Usually the first question you ask when organizing a holiday trip to Malaysia is: What is the best period to visit the country. Malaysia is the perfect destination throughout the whole year. In countries with a tropical climate it’s obvious that it rains once in a while. Most of the time this is a short (heavy) period, and before you know it the sun already shines. When it comes to the rainy seasons 3 different regions can be distinguished in Malaysia, namely the eastern side and western side of the peninsula and Borneo.

Bad weather in Malaysia (pictures from Kuala Lumpur)

To the western side of the peninsula of Malaysia there’s hardly a rainy season or monsoon. This is because of the moderate climate at the Andaman Sea. Here Malaysia is protected by the Indonesian island of Sumatra for a great part. Along the western side of the peninsula the weather can of course be a little bad. It can sometimes be a day with bad weather indeed, but most of the time there’s just a short and heavy shower at the end of the day (this is normal in the tropics). You can be quite sure that between 4 and 5 in the afternoon it rains persistently for about 10 to 30 minutes. As a matter of fact this is often very pleasant, a bit of cooling at the end of the day. Islands to the western side are: Penang, Langkawi and Pangkor amongst others. So here there’s hardly a serious rainy season, although, it’s not an inconvenience when you’re on holiday there. Kuala Lumpur is also on the western side and here there’s often a difference in the dry and wet periods. In such a great metropolis in a tropical climate it’s nice when there’s rain because this makes the air cleaner.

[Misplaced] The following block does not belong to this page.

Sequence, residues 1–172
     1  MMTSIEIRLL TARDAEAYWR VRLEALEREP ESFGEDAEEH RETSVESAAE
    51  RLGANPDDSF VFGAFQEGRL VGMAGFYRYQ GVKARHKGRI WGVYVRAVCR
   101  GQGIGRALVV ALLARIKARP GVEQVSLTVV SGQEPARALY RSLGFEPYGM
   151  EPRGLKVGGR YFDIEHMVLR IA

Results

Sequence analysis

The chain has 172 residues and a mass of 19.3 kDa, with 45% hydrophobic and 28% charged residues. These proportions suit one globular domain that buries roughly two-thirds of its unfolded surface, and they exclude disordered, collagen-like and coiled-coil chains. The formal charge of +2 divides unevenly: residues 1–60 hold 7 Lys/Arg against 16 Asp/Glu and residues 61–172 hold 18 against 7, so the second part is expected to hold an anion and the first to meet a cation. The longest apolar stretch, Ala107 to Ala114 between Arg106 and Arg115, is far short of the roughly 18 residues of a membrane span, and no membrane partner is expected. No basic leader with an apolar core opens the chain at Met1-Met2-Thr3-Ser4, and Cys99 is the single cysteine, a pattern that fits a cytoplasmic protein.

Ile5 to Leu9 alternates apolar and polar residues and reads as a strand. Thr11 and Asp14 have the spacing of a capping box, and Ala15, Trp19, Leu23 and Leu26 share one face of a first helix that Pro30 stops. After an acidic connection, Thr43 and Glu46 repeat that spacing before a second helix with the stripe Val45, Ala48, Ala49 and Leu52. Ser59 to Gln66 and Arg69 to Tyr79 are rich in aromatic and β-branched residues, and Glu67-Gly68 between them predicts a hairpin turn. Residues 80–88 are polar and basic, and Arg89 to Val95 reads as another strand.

Bad weather during monsoon season in Malaysia (Top pictures from Langkawi, lower picture near Lake Kenyir)

The rainy season to the eastern side of the peninsula is in the period between October and March and can be quite heavy; it sometimes rains days on end then. Resorts on islands like Perhentian, Redang and Tioman are often closed in this period, because the sea can be very wild and a passage with the ferry can be difficult. All the beauty of the bounty islands has disappeared for a while. Cities like Kota Bharu, Kuala Terengganu and Kuantan are also less attractive to visit during this period. Around Kuantan there can sometimes be floods in this period. Apart from that, every year is different, sometimes it rains for weeks in a row, other times the weather can be beautiful for a couple of days.

The rainy season on Borneo is in the period of October to February; although in this last month it doesn’t rain as much as in the remaining months. A shower is short and fierce most of the times and before you know it the sun shines again. The islands to the northwestern side of Borneo have to deal now and then with the ‘tail’ of typhoons from the Philippines. This unloads itself in heavy wind and rainfall.

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1 comments on Monsoon in Malaysia

  1. J
    11 months ago
    July 7, 2016 at 10:33 pm

    You didn’t get the 5-7 days of continuous torrential rain? I must have been in another Malaysia then.

    Reply

11 Pingbacks & Trackbacks on Monsoon in Malaysia